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Monday, December 11, 2023
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Swimming and diving looks to defend MAC Championship title

UB will ride a 14-match winning streak into Bowling Green, OH next week

<p>Members of UB’s swimming and diving team pose for a photo during an unscored match against Cornell.</p>

Members of UB’s swimming and diving team pose for a photo during an unscored match against Cornell.

Last April, Toni Naccarella found herself in the biggest moment of her career.

Naccarella, a senior on UB’s swimming and diving team, was one of four UB athletes competing in the 400 freestyle relay, the final event of the Mid-American Conference Championships. The Bulls needed to win gold to capture their first-ever MAC title.

Naccarella and her teammates delivered.

“When I finished the race I just remember everyone screaming, then I got out of the pool and the whole team came down crying. We were just so happy,” Naccarella told The Spectrum in an interview last week. “It’s a feeling I’ve never felt before.”

UB’s swimming and diving team hopes to capture that feeling for a second time in late February when they compete in the MAC Championships in Bowling Green, OH. The Bulls went 5-0 in head-to-head matchups this season, which extended their program-record winning streak to 14 matches. The Bulls will be among the favorites when they seek to defend their MAC title next week.

“You’re excited but you can’t get too excited, or you’re just going to tire yourself out,” head coach Andy Bashor said. “We have to slowly build that type of energy so we’re peaking at the MACs and not trying to keep this energy up so high that by the time we get to the MACs we’re exhausted.”

The Bulls are on an unrivaled run, one that has seen them string together so many consecutive wins that their last loss came more than three years ago, before COVID-19 rocked the U.S.

UB had five wins this season: over Toledo, 198-102; Ohio, 190-110; Duquesne, 169-129; Miami (OH), 178-122; and Ball State, 158-141. Junior diver Tori Franz had an especially prolific regular season, notching multiple 1-meter and 3-meter crowns.

The Bulls also shined at the 200 medley relay and the 100 backstroke. Freshman Marialis Kwak, sophomores Mia Naccarella (Toni’s sister) and Marij van der Mast, senior Katie Pollock and graduate student Jillian Lawton all stood out this season.

The Bulls’ winning streak has helped build a strong sense of trust and community among members of the team. The club’s robust bond has proven to be a weapon as they continue to blaze their path toward stardom.

“There’s a lot of laughing and entertainment in between. It’s just kind of like we’re all hanging out,” Franz said. “We’re doing our sport, we’re working hard, but at the same time we are making memories.”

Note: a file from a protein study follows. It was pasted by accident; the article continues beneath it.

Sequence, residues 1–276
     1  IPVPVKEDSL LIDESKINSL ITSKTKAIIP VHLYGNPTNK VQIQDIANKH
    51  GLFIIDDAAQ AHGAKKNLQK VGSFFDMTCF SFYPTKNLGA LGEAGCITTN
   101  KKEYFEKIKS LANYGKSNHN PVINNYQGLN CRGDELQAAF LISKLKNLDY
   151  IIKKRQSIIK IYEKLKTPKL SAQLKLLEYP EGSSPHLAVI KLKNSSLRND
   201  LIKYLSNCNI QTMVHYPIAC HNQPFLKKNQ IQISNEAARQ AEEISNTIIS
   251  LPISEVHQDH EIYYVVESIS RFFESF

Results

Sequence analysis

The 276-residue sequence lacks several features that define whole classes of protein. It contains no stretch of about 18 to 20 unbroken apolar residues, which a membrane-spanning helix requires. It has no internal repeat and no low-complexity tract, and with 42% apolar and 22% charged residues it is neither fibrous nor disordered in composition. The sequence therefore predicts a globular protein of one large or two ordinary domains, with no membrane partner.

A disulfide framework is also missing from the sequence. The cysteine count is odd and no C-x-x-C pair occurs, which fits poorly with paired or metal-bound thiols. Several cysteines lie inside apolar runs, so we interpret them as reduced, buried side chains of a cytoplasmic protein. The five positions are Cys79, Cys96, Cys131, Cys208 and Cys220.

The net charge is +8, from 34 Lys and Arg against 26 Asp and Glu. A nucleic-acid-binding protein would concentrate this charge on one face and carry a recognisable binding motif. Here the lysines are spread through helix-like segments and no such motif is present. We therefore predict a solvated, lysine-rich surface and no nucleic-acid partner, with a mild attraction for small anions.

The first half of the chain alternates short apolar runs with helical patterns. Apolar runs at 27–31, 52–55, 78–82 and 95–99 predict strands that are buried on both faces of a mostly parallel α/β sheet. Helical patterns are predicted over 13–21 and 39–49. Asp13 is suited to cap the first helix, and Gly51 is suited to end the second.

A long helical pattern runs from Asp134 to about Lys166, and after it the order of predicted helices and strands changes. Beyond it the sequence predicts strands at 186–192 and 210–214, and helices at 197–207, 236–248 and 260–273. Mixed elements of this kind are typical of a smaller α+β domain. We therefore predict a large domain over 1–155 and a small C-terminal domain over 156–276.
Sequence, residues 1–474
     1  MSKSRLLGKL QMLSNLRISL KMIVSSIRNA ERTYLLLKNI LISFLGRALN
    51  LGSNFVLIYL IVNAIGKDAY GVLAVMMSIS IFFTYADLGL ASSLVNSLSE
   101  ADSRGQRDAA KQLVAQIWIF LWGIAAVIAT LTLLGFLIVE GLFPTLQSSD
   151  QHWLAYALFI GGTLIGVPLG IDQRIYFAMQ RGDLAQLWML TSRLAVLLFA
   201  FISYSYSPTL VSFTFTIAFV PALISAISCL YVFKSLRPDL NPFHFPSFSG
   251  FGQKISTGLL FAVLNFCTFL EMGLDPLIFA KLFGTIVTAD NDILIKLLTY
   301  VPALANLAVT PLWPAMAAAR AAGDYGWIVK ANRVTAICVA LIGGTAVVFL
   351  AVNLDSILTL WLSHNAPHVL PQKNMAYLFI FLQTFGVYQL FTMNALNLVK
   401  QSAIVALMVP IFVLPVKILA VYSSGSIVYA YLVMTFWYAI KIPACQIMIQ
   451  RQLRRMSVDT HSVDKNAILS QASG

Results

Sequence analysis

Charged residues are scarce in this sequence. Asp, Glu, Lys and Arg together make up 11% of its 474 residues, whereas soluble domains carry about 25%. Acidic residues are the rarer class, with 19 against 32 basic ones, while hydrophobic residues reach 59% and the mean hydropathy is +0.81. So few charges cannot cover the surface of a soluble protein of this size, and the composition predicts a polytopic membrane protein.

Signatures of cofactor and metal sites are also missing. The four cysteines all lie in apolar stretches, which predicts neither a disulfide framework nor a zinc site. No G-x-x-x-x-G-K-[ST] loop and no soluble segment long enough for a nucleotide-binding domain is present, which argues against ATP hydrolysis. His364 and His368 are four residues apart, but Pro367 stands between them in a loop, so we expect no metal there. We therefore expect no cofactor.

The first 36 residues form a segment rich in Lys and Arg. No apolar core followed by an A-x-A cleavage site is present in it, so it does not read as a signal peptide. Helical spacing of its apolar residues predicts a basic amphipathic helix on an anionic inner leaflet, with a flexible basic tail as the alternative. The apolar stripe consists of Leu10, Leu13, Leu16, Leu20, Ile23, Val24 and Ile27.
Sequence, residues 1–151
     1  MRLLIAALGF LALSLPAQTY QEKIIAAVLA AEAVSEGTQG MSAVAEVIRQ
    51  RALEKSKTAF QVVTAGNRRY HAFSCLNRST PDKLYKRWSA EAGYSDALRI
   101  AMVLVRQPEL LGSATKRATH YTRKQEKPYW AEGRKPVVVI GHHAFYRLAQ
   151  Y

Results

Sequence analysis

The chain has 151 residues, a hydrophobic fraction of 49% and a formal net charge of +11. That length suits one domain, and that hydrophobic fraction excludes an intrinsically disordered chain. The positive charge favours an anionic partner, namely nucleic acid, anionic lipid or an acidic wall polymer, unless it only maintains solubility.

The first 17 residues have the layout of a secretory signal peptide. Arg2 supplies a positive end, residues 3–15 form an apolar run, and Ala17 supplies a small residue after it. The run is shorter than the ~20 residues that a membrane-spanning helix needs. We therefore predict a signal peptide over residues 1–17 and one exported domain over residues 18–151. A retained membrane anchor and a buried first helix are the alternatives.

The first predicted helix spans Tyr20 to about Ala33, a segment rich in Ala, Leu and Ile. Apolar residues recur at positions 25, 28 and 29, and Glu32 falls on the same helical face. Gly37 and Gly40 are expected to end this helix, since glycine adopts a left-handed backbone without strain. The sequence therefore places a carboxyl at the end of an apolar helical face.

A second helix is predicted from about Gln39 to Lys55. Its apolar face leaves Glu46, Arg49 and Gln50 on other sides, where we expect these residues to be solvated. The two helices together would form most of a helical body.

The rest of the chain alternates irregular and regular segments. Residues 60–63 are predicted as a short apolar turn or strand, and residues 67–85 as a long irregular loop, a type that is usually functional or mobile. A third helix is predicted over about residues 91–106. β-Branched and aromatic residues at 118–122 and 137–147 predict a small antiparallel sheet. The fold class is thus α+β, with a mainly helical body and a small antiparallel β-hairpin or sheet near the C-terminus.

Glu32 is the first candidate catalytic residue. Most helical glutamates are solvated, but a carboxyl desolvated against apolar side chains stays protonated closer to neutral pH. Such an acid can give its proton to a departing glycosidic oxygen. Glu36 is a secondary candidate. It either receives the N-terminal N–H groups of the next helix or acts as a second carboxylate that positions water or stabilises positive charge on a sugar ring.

This comfortable environment translates in the water, where the women say they are able to lean on their teammates for comfort and support. Head diving coach Russ Dekker says he urges his athletes to focus on one correction at a time, and to keep looking forward.

“I keep my composure by having fun with my teammates and not taking it too serious,” Naccarella said. “I really like competing and you have good races and bad races, but at the end of the day you’re making memories with your team.”

Franz says she is able to succeed when she grounds herself and sees things in a new light.

“It’s putting it in perspective. If I’m getting really nervous before an event I’m like, Well, wait a second, this is not a life or death situation,” Franz said. “It’s staying in the moment and being grateful. I love competing and I love diving, it’s just going and having fun with it. Every day is a blessing I get to do that.”

Like every other championship sports team, the Bulls pride themselves on working hard — in and out of the pool. UB had a cumulative 3.501 GPA in the fall, which rivals its impressive efforts in the water. Bashor says he hopes his team is rewarded for their hard work.

“It was really fun to watch the girls celebrate and feel the accomplishment of working so hard towards a common goal and then being in a position to achieve it,” Bashor said about last year’s finish. “These ladies do a lot of what we call delayed gratification. They work really hard for a long period of time to peak at one moment.” 

Kayla Sterner is the assistant sports editor and can be reached at


Kayla Sterner is an assistant sports editor at The Spectrum. She is studying communications with the hopes of being a sideline reporter. In her spare time, she can be found in the gym, watching football or vibing to Mac Miller. Kayla is on Twitter @kaylasterner. 



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